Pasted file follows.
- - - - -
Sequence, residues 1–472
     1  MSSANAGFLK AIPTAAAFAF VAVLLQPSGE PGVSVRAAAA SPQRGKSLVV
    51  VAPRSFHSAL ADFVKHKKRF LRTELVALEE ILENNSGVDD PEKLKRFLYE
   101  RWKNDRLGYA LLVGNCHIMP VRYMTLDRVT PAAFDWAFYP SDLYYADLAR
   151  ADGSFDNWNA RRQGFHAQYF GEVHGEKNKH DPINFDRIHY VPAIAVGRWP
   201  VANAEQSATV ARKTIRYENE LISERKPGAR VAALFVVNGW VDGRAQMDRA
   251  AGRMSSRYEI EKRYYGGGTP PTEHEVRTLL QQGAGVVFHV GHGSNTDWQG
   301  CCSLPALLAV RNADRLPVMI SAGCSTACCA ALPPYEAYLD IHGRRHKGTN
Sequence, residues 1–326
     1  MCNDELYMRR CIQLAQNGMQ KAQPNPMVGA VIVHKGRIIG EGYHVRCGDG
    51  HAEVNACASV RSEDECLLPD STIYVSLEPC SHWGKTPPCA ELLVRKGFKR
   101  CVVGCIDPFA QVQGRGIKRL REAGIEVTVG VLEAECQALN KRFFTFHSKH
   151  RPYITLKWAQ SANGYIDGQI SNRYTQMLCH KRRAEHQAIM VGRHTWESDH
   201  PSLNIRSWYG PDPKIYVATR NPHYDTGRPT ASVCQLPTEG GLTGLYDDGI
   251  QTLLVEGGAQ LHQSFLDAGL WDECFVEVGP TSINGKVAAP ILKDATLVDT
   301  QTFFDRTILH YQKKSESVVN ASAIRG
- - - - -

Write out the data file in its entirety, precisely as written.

Sequence, residues 1–472
     1  MSSANAGFLK AIPTAAAFAF VAVLLQPSGE PGVSVRAAAA SPQRGKSLVV
    51  VAPRSFHSAL ADFVKHKKRF LRTELVALEE ILENNSGVDD PEKLKRFLYE
   101  RWKNDRLGYA LLVGNCHIMP VRYMTLDRVT PAAFDWAFYP SDLYYADLAR
   151  ADGSFDNWNA RRQGFHAQYF GEVHGEKNKH DPINFDRIHY VPAIAVGRWP
   201  VANAEQSATV ARKTIRYENE LISERKPGAR VAALFVVNGW VDGRAQMDRA
   251  AGRMSSRYEI EKRYYGGGTP PTEHEVRTLL QQGAGVVFHV GHGSNTDWQG
   301  CCSLPALLAV RNADRLPVMI SAGCSTACCA ALPPYEAYLD IHGRRHKGTN
Sequence, residues 1–326
     1  MCNDELYMRR CIQLAQNGMQ KAQPNPMVGA VIVHKGRIIG EGYHVRCGDG
    51  HAEVNACASV RSEDECLLPD STIYVSLEPC SHWGKTPPCA ELLVRKGFKR
   101  CVVGCIDPFA QVQGRGIKRL REAGIEVTVG VLEAECQALN KRFFTFHSKH
   151  RPYITLKWAQ SANGYIDGQI SNRYTQMLCH KRRAEHQAIM VGRHTWESDH
   201  PSLNIRSWYG PDPKIYVATR NPHYDTGRPT ASVCQLPTEG GLTGLYDDGI
   251  QTLLVEGGAQ LHQSFLDAGL WDECFVEVGP TSINGKVAAP ILKDATLVDT
   301  QTFFDRTILH YQKKSESVVN ASAIRG